Texas Ban on Sugary Drinks at Schools Gets Early OK
The Texas Tribune

House Bill 127 will make middle and high school students leave campus if they want to satisfy their soda fix. State Rep. Carol Alvarado's bill passed 96-46 on second reading today after a short debate.

Alvarado's bill allows districts to sell only milk with a fat content of 1 percent or less, milk substitutes like soy milk, water without sweeteners, 100-percent vegetable or fruit juice, and electrolyte drinks like Gatorade (at coaches' discretion). An amendment from Vicki Truitt, R-Keller, was adopted to include zero-calorie vitamin enhancement beverages on the list.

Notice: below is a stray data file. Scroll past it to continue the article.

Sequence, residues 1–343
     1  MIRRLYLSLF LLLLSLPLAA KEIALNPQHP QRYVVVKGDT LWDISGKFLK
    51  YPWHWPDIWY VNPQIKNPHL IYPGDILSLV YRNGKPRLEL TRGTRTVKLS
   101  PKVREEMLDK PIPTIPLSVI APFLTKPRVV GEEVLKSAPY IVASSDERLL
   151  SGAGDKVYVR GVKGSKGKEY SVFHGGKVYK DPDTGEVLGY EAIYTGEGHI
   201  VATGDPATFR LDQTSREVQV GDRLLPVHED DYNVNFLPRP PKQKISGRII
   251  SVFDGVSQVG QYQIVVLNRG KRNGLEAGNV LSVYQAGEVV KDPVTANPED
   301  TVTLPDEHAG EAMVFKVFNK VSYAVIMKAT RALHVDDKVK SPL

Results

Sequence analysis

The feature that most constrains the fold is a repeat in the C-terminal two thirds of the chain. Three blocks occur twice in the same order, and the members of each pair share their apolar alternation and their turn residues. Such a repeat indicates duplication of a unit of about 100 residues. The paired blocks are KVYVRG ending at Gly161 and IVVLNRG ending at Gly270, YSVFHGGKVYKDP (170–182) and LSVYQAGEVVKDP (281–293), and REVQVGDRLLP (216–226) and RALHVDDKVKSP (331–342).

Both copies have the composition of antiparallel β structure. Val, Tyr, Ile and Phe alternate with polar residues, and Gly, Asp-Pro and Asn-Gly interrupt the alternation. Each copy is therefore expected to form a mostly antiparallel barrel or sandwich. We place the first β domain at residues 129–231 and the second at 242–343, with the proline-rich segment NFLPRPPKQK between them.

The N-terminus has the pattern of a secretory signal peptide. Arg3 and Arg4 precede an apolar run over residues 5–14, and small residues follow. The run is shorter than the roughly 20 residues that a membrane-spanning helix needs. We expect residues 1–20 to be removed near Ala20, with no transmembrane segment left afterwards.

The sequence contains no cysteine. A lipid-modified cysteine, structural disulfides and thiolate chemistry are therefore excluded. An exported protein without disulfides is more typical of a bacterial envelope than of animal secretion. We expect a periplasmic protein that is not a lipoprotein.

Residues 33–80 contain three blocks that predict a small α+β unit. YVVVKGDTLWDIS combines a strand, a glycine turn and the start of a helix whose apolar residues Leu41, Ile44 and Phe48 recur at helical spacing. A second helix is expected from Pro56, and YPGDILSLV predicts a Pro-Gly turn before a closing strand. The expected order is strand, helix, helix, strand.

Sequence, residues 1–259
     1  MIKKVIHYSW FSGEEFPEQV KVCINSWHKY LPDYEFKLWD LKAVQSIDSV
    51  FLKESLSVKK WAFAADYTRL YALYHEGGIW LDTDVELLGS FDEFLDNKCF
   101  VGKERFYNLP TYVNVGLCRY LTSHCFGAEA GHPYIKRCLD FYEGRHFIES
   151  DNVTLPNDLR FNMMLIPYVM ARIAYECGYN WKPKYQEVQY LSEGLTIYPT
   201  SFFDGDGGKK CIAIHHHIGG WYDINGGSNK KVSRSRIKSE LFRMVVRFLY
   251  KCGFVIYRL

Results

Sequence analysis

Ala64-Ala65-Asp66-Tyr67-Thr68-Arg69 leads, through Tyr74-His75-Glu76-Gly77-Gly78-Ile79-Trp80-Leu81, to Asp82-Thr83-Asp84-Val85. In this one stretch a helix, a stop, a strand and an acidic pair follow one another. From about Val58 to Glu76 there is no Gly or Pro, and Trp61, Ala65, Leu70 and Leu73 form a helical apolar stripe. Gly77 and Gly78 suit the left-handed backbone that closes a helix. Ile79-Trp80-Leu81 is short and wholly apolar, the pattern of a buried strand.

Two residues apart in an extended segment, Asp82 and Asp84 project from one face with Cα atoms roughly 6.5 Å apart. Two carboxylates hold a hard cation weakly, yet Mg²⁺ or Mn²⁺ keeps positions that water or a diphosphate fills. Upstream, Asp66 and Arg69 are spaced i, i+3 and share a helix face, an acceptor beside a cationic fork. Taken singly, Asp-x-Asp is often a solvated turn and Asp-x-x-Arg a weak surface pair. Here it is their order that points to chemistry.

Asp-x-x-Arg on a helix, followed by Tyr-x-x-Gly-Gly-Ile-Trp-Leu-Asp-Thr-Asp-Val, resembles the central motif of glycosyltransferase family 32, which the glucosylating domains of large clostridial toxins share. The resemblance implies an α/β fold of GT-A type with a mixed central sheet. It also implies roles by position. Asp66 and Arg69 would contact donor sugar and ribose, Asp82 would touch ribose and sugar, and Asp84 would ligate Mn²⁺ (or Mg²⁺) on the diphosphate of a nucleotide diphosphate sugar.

Alvarado, D-Houston, said the the bill would help combat childhood obesity and save the state the cost of treating resulting diseases like diabetes.

Jodie Laubenberg, R-Parker, challenged the legislation on the floor, saying lawmakers were "telling [students] that we don't trust their judgment on things."

The bill's supporters argued that the ban on sugary drinks like sodas and artificially flavored fruit drinks was already in effect for elementary school students, and that it made no sense not to extend that ban to the older grades.

"This is about kids; we're not talking about adults," said Rep. Garnet Coleman, D-Houston. "We have a responsibility to ensure they have a healthy lifestyle."